To Tell You the Truth, I’m Like Whatever

A recent poll out of the States listed the 5 most annoying words and phrases that people use.  Here’s my take on each of them along with another 5 that annoy me for different reasons.

Whatever.  This word likely tops the list because it’s over-used.  While many people use it to express indifference or to be accommodating, it quickly becomes annoying when no one makes a decision because they are trying to defer to others.  At the OYYAM, this word reared its ugly head in New Orleans when we were trying to figure out a place to eat for dinner.  We ended up going to a little place that we had passed 30 minutes earlier.  Before we knew it, 90 minutes had passed, and Analyn and I had to leave before receiving our food because we had another commitment!

Like.  This like doesn’t refer to the “like” feature on Facebook, rather the like tendency of people, like young and old, to like interject this word into like every single sentence sometimes like multiple times.  I don’t see this one going away anytime soon…a fact I dislike.

You know what I mean.  I admit it:  this is the one word/phrase from this list that I use way too often.  One of my best friends also uses it a lot, and we often bug each other about it.  While it might sound polite, as if checking for understanding from the listener, at least in my case it’s a lazy speech habit.

To tell you the truth.  I can’t stand it when someone starts a sentence with this.  It shouldn’t have to be stated that you’re about to give a truthful statement or opinion.  Same goes with the word “honestly.”  Am I supposed to conclude then that every sentence that doesn’t start with “to tell you truth” is a lie?

Actually.  I don’t really have a problem with this one, especially if it’s used properly as if correcting someone or stating a fact.  Actually, it’s a heck of a lot better than “to tell you the truth!”

Here are 5 more words and phrases that I find quite annoying:

360 degree turnaround.  People often talk about someone making a complete change in his life, and usually it’s a positive change.  Unfortunately, they use the term “360 degrees” in trying to show a turnaround.  This is obviously very wrong, as it’s 180 degrees that gets you moving in the opposite direction.  In fact, a 360 degree turn signifies no change at all, as you wind up going in the exact same direction you were moving initially.

At the end of the day.  This one is used a lot in sports, often when talking about an end goal or desired outcome:  “At the end of the day, it’s about improving every game” or “At the end of the day, we got the 2 points.”  This last example makes literal sense, as it gives a finite time-frame and objective way to measure success.  But it doesn’t necessarily work for everything.  Try this:  the next time you hear someone start of a sentence with “at the end of the day,” see if it truly matters if you look at it at day’s end, or if the start or middle of the day will suffice.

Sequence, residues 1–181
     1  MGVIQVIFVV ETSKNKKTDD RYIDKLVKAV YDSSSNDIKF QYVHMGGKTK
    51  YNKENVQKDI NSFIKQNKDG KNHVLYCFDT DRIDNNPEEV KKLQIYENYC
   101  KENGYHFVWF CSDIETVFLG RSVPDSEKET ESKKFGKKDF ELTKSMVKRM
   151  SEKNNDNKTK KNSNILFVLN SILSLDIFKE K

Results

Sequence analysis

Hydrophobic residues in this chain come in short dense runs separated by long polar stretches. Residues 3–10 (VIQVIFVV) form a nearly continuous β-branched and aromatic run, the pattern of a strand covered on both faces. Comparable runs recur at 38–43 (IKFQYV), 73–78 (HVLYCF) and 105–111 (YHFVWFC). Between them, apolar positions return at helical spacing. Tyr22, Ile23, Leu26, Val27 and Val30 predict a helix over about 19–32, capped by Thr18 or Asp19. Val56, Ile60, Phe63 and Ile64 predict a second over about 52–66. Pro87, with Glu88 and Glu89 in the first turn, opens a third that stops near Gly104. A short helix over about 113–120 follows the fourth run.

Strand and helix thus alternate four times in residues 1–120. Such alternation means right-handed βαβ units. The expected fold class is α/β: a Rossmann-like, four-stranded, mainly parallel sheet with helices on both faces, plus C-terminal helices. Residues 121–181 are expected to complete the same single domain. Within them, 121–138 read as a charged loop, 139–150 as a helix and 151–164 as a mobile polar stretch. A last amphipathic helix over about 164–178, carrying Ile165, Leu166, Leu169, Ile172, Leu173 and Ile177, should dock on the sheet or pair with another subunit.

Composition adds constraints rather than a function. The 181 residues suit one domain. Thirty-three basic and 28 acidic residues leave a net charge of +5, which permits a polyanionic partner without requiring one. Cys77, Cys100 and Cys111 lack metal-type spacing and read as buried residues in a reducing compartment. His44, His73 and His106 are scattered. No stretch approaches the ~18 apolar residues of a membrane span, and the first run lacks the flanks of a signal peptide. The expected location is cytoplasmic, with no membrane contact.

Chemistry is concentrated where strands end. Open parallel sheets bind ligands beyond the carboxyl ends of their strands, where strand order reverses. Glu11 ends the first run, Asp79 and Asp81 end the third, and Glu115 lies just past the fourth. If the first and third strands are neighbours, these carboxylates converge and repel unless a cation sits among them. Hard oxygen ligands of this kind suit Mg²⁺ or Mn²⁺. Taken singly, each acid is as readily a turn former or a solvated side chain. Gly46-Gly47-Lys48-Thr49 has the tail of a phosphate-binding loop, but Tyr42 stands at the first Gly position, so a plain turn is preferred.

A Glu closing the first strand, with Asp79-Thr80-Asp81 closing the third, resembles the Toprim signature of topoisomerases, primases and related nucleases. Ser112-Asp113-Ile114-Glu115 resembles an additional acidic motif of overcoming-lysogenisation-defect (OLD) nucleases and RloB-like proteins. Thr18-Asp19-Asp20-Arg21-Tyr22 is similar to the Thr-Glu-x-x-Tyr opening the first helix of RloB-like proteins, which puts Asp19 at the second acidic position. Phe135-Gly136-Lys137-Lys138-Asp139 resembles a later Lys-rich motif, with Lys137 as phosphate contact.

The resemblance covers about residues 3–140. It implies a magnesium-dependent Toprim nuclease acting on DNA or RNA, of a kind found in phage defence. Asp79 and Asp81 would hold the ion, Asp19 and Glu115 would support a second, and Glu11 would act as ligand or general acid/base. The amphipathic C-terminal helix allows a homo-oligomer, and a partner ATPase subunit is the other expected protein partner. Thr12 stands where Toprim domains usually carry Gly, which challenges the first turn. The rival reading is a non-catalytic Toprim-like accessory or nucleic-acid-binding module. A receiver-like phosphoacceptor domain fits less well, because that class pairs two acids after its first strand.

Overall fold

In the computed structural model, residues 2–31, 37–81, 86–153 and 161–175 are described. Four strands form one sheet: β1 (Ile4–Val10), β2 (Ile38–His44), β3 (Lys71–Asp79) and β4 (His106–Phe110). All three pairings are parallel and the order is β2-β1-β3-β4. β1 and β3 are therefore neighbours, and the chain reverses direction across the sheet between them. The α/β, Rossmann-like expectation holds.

No offense/Don’t take this the wrong way.  I don’t care what the speaker is about to say to you…the mere fact that he’s started off his sentence this way:  you better brace yourself.  Somebody gonna get hurt…real bad.

Basically.  I can’t believe how much I used this word in everyday conversation.  I even catch myself saying it, but I can’t stop.  I think my intent is noble in trying to explain things in a clear and concise manner.  I just need to see if I can do so without saying “basically” every second sentence.

Um/uh.  As I continue to develop my public speaking skills, I need to remove some word whiskers (thanks Dave for the technical term!).  My most evident one is “uh” or “um.”  In contrast to “basically,” I’m not as aware when using these.  It’s when I watch video of myself (that sounded a tad ego-centric…haha) or listening to audio (still ego-centric) that it sticks out to me.

And lastly, here’s a bonus one:

We need to talk.  When I hear these words come from my lovely wife Gail, I know what she’s really saying:  “YOU NEED TO LISTEN!”  And as my friend Mark Hart would say:  this isn’t an invitation for a dialogue.

You know what I mean?


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